Friday, January 16, 2009

Thought Provoking

Kudos to Dr.'s Hurd, Axe, & Mackler from U. Delaware for their article, "Management of the Athlete with Acute ACL-D. in this month's Sports Health.

The authors challenged the notion that ALL ACL deficient knees need to be reconstructed. They designed an algorithm to better predict copers & non-copers.

I work in an inner city environment. Many of my athletes lack sufficient health insurance, and often are referred to charity care when they require surgery. A long waiting period is often involved. I can't tell you how many times an athlete has gone through "prehab" during this period and said to me, "P", you know, my knee feels great! Do I really need this surgery?"

The authors point out recent research into long term outcomes for ACL reconstruction indicating it does not automatically prevent future symptom complaints or degenerative knee arthritis. They got the idea for this study when some of their student-athletes refused to follow proper protocol after "prehab", which was surgical intervention. And most of them did quite well! This prompted a shift in their clinical practice guidelines.

The authors go on to stress the importance of "perturbation training" during rehab. That is, trying to keep still on a tiltboard. I guess you already know my opinion on that. I emailed the authors and asked them what they thought of my alternative- the body moving dynamically over a fixed foot. Dr. Mackler's response was, "The systems challenged are very different physiologically". I'm not sure if that's true, and if it is, if that is a good thing or a bad thing.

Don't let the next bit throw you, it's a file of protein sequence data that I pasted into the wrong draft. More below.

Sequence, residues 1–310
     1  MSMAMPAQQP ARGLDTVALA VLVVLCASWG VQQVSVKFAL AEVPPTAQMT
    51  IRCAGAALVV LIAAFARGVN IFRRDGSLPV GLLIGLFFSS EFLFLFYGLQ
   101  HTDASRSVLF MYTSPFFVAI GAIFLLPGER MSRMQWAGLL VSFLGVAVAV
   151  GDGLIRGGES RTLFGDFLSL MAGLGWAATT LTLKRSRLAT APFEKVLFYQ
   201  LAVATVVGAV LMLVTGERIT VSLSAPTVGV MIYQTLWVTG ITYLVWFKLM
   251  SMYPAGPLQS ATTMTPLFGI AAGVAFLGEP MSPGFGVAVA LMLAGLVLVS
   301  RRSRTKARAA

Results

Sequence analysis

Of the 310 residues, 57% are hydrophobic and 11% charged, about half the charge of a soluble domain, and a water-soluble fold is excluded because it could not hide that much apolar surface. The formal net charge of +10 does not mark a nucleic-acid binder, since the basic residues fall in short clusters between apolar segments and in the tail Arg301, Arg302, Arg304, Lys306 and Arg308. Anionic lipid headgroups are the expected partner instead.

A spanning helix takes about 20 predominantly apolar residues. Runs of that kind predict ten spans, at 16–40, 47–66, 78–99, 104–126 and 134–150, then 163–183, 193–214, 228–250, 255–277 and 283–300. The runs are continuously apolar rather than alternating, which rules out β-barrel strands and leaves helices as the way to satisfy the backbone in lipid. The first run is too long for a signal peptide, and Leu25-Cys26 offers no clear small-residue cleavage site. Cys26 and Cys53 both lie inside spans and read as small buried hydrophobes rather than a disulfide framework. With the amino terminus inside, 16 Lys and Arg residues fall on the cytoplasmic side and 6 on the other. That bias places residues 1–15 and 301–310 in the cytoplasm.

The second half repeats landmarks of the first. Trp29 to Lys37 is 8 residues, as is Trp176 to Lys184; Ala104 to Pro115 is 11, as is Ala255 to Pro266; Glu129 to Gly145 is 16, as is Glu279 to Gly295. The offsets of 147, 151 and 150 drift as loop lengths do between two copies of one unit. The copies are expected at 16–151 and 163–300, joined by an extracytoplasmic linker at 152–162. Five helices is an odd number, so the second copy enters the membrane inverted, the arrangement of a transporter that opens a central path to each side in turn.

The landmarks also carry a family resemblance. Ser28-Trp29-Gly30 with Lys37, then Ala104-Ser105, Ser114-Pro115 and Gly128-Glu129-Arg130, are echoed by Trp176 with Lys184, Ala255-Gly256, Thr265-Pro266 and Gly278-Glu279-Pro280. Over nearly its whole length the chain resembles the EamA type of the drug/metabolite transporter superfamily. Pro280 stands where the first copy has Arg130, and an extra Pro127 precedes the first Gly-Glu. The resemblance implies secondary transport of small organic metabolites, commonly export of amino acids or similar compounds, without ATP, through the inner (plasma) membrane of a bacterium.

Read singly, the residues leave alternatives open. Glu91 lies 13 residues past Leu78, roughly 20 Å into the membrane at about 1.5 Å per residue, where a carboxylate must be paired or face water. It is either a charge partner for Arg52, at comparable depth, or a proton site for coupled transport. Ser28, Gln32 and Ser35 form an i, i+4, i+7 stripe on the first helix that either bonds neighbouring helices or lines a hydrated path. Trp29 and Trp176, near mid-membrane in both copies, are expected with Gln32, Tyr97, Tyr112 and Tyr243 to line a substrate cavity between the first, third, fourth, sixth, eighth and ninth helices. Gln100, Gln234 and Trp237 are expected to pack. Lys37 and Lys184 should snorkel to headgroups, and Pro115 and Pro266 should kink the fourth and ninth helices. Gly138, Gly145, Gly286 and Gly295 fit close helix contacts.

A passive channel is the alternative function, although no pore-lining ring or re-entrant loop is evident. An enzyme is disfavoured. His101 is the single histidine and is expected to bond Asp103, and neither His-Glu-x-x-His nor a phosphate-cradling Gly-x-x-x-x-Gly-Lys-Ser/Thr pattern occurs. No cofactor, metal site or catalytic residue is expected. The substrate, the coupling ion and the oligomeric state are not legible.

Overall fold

4 comments:

Brian said...

Good question to that researcher...! Am I mistaken that the mechanism for non-contact ACL injury is movement proximal up the chain on a fixed foot..? Thus rehab should mimick the mechanism of injury...? I would think so.....

Kev said...

There is probably room enough for both ideas in the rehab of an ACL reconstructed or deficient knee .... no?

Joe Przytula said...

True Kev, and tilt boards are cheap enough, and might add some variety & fun to a rehab program. It's just the idea of the floor moving beneath the foot & the "stillness" thing that just doesn't feel right to me. I go as far as buying some cheap carpet runners at Walmart,cut it into squares, toss them on the gym floor, have the athlete jog or sprint to them, hop on with one foot & slide.

Kev said...

Joe,

Really like your carpet square idea. I had to reflect on it for a few minutes but the more I think on it the more it seems to me to be a great idea.